Welcome to the last week of spring. As the longest day of 2014, Saturday, June 21 marks the beginning of summer.
This is also Pollinator Week.
POLLINATOR WEEK – National pollinator week is an annual event that brings attention to the important role that pollinators play in maintaining healthy biodiversity in our world – and a healthy variety of food in our diets! If you’re thinking of planting something new, consider planting something that feeds the bees, butterflies, and other vital pollinators. You can find a list of pollinator-friendly plants for Georgia gardens in Beyond Butterflies: Gardening for native pollinators.
INVASIVE FRUIT-DAMAGING FLY – Spotted Wing Drosophila is an Asian fruit fly that arrived in California in 2008 and progressed to Georgia two years later. It has now been reported in several Georgia counties, including four in north Georgia. While native fruit flies lay eggs on top of developing fruits, SWD females use a saw blade ovipositor to saw two holes into the top of berries and other soft fruits. They deposit eggs into the holes, and the larvae develop inside the fruit. SWD attack blueberries when the color begins to change. Click here for control recommendations and more information.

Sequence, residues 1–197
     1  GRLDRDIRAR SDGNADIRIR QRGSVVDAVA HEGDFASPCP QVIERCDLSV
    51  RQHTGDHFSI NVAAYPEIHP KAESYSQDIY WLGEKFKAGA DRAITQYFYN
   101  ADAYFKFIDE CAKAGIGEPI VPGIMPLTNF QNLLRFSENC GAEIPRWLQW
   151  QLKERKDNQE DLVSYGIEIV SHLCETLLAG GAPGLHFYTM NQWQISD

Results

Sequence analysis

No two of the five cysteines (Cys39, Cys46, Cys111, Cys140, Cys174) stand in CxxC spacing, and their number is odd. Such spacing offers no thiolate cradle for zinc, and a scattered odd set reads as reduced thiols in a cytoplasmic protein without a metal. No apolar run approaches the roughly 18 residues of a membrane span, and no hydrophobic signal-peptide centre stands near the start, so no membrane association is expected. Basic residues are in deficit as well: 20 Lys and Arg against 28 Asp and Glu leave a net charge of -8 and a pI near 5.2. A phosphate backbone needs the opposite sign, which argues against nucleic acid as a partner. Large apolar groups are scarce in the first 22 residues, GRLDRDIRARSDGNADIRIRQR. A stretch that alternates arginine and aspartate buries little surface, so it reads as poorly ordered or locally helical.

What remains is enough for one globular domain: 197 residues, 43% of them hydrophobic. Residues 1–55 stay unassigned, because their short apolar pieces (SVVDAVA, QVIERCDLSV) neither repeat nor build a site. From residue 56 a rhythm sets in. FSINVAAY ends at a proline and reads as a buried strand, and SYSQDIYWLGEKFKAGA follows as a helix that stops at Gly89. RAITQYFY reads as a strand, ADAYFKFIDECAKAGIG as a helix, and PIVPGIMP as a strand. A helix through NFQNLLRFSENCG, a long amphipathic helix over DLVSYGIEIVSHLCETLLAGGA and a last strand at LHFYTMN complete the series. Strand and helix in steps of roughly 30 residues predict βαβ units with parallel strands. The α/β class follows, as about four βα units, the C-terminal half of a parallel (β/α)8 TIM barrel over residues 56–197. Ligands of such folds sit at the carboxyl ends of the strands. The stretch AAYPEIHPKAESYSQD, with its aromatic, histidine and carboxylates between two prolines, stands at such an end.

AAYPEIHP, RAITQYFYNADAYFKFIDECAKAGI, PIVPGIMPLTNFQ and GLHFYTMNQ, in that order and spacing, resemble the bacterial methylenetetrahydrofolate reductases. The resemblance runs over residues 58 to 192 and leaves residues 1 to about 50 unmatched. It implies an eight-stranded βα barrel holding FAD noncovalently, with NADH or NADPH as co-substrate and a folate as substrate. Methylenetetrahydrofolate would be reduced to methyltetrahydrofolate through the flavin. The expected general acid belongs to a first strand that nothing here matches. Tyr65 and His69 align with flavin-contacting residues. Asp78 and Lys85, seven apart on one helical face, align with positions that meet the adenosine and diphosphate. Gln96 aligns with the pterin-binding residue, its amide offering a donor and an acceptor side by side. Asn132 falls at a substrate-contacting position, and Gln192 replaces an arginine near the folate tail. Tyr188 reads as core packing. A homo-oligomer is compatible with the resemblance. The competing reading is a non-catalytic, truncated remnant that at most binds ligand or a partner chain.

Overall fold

MILLIPEDE MIGRATION – Are you seeing dozens – or more – of brown, worm-like creatures marching across your floors every morning? These are millipedes making their annual spring migration. Apparently, coordinating two pairs of legs on each body segment is the limit of cognitive capacity for these creatures, so diverting around obstacles is out of the question. Once in motion, millipedes simply move forward, crawling up walls and through homes when they encounter openings. Sealing cracks, crevices, and spaces around doors and windows is the best way to keep them from invading your home. The good news is the march of the millipedes should end soon.